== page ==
Summary of Panels at Annual Meeting

The AUA Annual Meeting occurred on April 26 and 27 in Chicago. The Education Advisory Board presented two panels: “Motivation, Meta-cognition, and Self-Regulation” and “The Science of Longitudinal Assessment.”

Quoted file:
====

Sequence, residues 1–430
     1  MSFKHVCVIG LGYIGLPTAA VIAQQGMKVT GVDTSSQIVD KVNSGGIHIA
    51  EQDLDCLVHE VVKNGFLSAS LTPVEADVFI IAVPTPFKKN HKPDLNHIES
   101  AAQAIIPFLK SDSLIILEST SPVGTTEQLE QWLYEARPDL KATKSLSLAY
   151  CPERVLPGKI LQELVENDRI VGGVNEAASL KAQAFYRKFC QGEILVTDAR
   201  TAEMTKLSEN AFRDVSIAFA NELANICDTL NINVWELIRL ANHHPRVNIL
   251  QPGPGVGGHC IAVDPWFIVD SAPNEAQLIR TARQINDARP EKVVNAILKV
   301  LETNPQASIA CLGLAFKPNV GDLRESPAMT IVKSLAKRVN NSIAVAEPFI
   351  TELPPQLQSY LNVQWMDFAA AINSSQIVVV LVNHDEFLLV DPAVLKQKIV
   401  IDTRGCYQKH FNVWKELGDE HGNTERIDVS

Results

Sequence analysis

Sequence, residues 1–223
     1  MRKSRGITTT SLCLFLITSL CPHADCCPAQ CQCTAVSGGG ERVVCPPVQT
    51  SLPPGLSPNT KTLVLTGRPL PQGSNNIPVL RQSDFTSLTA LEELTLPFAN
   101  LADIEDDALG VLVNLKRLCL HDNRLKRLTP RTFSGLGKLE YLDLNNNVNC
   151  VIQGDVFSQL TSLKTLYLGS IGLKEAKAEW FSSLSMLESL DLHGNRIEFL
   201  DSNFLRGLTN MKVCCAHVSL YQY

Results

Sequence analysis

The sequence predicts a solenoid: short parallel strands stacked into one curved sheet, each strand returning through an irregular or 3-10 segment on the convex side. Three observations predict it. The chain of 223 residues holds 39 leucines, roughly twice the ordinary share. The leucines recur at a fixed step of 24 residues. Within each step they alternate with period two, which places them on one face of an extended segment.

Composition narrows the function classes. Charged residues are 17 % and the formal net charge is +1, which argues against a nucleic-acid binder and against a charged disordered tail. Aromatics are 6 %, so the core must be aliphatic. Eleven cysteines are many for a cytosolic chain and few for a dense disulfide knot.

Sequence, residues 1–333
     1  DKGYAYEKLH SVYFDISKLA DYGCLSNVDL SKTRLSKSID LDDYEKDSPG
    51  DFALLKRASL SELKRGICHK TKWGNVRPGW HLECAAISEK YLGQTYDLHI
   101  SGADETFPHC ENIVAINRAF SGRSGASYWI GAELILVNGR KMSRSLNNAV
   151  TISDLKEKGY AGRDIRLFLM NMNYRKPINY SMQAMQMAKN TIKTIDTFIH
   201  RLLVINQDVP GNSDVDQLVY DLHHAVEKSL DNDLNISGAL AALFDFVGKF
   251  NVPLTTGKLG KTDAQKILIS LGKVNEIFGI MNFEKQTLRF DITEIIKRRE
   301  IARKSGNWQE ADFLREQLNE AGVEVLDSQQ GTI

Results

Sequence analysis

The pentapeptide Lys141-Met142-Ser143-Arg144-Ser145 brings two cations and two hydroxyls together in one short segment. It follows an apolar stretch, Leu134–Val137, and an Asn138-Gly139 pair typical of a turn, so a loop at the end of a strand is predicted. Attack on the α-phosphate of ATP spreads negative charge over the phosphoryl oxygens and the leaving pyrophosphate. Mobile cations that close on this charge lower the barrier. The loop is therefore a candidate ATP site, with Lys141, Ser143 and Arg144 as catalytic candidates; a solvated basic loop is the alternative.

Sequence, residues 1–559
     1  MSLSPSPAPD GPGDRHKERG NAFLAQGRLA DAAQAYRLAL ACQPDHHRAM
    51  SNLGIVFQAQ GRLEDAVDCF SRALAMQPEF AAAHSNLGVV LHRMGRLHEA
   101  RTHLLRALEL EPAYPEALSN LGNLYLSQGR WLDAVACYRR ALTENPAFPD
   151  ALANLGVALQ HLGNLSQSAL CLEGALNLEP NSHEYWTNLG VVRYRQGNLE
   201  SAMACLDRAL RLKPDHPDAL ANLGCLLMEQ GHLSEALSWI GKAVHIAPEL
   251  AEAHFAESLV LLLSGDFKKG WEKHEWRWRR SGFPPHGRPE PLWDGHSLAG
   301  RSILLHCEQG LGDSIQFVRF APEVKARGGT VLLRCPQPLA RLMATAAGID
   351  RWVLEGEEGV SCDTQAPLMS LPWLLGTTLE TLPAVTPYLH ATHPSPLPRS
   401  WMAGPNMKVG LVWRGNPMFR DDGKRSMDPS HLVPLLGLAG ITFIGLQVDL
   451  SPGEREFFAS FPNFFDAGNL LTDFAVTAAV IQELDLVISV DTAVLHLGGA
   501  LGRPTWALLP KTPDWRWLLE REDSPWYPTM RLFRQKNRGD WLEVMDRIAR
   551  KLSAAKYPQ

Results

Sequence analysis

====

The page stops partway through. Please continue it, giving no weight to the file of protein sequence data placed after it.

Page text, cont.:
The first panel, Motivation, Meta-cognition, and Self-Regulation, had three speakers with the first speaker being Daniel Saddawi-Konefka, M.D., Assistant Professor of Anesthesia, Critical Care, and Pain Medicine at Massachusetts General Hospital. Dr. Saddawi-Konefka is the Program Director for the Core Anesthesiology Residency Program and he spoke on the science of motivation. Motivation is the aspect that moves people to certain behaviors. Motivation is either intrinsic or extrinsic with intrinsic motivation resulting in better outcomes. Extrinsic motivation refers to external rewards such as finances, stature, or material goods. Intrinsic motivation refers to satisfaction and fun. While both forms of motivation will drive behavior, intrinsic motivation produces better learning and creativity. While intrinsic and extrinsic motivation appear to be different, the two intersect and have an impact on motivation. An example would be an interesting job that offers financial bonuses. The fact that the job is interesting reflects intrinsic motivation while the financial bonuses provide the extrinsic motivation. The impact of one on the other was studied when individuals were asked to solve a puzzle. One group was not paid for solving the puzzle while the other group was. The paid group rated solving the puzzle as more interesting as compared to the group who was not paid. However, once the money was removed, interest in the puzzle decreased to a level lower than the group that was not paid. Tangible rewards have an effect on intrinsic motivation, decreasing it. The explanation for this phenomena is the over-justification effect which refers to an interesting activity for which an individual is paid. The individual begins to attribute the interest in the activity to the money and forget the intrinsic interest in the activity. Motivation is primarily based upon self-determination in which there are three basic psychological needs: autonomy (feeling congruous with behavior), competence (feeling effective), and relatedness (feeling connected). Understanding these three psychological needs allows one to predict the effect of an act on motivation. An unexpected reward has no effect on autonomy, competence, or relatedness so does not increase motivation. Positive verbal feedback does not affect autonomy, but it does improve competence and relatedness; as such, there is a positive effect on motivation. Means to improve motivation is to focus on the three basic needs. For autonomy, information provided must not be controlling; the perspective of the individual must be sought and the information used; and finally choices should be provided that focus on intrinsic drives. For competence, one should provide meaningful feedback, set the learner up for success, and provide support to achieve competence. For relatedness, one should acknowledge feelings, support individual connectedness, and improve community connectedness.